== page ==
From a young age, our children are taught that they are the authors of their own life story. Sadly, however, too many of these children grow up and find themselves stuck in someone else’s story, at the mercy of cruel authors who have no qualms about transforming what could have been a fairy tale, into a horror story.

Elizabeth Oosthuizen, a counselling psychologist at Akeso Specialised Psychiatric Clinic in Milnerton, Cape Town, believes that counselling can help victims of domestic abuse ‘re-author their life stories’.

“Unfortunately, no one can erase the past. We cannot change the start of the story. But, with on-going care and guidance, we can help victims of abuse to regain control of their own story, and so alter the storyline to create a happier life journey,” she says. Although statistics on domestic violence and abuse are hard to come by in South Africa, the unacceptably high rates of murder and rape suggest massive levels of violence in our homes. The official crime statistics for South Africa hold that there were 17 068 murders in 2013, equating to 47 every day; five times higher than the global average for that year.

Oosthuizen, who has counselled numerous abuse victims during the course of her career, defines abuse as actions – either verbal or non-verbal – used by one person in a relationship to control the other. These actions can take many forms, from physical and sexual, to  emotional, or financial. Although there are many theories that help us understand and define the abuse cycle, Oosthuizen finds co-dependency theory a useful tool when helping patients to break free from the cycle:

“There are two parties in a traditional codependent relationship, one of which – through his or her actions – enables the actions of the other. In an abusive relationship, the persecutor of abuse uses his or her actions to gain control of the victim; but as the victim begins to internalise these actions and relinquish more and more control to the persecutor, so he or she actually enables the cycle of abuse to continue.”

Oosthuizen explains that the deeper in the cycle the victim is, the more he or she begins to believe that “I’m not OK, but you – and by extension, your actions – are OK.”

And this belief, in turn, enables the persecutor to justify his or her actions. “At this point, the victim’s behaviours, social interactions, communication, self-confidence, boundaries and general emotional and physical wellbeing will all crumble!  “The end result is that the abusive and violent behaviour of the persecutor becomes the author of the victim’s life journey.”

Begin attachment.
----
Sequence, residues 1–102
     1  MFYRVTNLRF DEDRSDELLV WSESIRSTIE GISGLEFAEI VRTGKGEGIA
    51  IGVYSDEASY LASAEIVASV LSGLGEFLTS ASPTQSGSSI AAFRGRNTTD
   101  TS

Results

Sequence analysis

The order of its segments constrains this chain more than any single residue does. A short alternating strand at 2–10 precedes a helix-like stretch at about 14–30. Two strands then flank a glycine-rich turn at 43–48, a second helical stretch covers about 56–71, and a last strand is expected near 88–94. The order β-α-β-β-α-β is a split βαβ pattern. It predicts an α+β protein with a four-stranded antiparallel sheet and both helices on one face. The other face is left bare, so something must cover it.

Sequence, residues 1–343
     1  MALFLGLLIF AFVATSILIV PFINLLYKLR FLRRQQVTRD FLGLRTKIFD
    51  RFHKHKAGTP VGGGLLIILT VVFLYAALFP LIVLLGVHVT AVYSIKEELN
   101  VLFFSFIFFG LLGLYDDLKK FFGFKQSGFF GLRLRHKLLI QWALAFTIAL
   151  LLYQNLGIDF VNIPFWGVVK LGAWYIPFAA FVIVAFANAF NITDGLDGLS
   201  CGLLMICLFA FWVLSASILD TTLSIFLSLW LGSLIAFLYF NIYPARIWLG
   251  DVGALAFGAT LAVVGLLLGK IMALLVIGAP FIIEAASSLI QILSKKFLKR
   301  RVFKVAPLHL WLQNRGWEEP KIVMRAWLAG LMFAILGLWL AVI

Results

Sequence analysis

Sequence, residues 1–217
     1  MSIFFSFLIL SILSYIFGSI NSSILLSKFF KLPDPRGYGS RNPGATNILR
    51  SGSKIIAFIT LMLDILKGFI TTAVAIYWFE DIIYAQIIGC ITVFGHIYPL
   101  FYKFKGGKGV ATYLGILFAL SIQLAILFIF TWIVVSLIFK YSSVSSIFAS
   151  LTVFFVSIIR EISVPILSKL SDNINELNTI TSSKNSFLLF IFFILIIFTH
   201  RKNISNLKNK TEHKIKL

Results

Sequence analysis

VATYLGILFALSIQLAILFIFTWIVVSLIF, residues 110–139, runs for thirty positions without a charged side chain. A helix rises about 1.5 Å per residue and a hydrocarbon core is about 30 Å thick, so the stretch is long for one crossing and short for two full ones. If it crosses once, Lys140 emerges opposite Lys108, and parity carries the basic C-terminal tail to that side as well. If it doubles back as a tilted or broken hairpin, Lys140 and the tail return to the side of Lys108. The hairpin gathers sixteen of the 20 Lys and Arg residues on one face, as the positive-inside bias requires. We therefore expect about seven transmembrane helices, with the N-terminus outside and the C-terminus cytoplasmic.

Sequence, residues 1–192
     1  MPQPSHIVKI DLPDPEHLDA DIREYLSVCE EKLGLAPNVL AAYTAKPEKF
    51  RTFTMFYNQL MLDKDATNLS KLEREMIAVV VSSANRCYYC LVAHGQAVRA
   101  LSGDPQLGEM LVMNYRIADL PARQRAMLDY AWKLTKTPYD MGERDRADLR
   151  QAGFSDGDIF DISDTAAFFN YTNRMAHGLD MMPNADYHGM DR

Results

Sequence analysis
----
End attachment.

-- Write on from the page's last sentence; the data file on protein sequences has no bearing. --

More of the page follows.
Oosthuizen adds that the resultant psychiatric disorders that present in victims are often related to the victim’s ‘inner author’ challenging the new status quo, albeit subconsciously. “Of course, depression and anxiety disorders are common in victims of abuse – and are really a silent cry for help from the ‘inner author’,” says Oosthuizen.

“Once victims understand that their depression or anxiety – or any other disorder for that matter – is a manifestation of the real problem of abuse, they can begin to seek help to break out of the cycle.”

The good news is that once the victim recognises the cycle of abuse, and shows a willingness to break free from it, counselling can help him or her regain control of their own life stories.

“Our aim is to help victims of break free from their codependent relationships, not only physically, but also psychologically, in order to assist them become independent, anchored individuals who are in control of their own lives and can begin the process of re-authoring their life stories,” Oosthuizen concludes.

References:

ISS Crime Hub: Explaining the official crime statistics for 2013/14. Found at https://www.issafrica.org/uploads/ISS-crime-statistics-factsheet-2013-2014.pdf

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